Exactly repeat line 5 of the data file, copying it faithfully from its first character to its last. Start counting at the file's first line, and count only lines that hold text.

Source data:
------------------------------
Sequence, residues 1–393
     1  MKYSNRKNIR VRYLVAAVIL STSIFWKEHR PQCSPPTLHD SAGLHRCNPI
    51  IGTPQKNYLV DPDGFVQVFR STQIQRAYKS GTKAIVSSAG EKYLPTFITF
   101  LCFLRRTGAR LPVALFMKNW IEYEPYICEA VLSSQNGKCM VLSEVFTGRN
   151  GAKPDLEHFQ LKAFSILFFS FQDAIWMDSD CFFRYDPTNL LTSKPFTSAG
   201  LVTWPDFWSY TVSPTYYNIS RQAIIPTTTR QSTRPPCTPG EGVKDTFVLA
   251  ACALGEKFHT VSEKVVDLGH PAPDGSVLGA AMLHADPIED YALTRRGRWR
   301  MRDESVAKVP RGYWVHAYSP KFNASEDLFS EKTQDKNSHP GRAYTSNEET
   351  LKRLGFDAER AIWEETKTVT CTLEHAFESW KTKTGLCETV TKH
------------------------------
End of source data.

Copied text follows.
   151  GAKPDLEHFQ LKAFSILFFS FQDAIWMDSD CFFRYDPTNL LTSKPFTSAG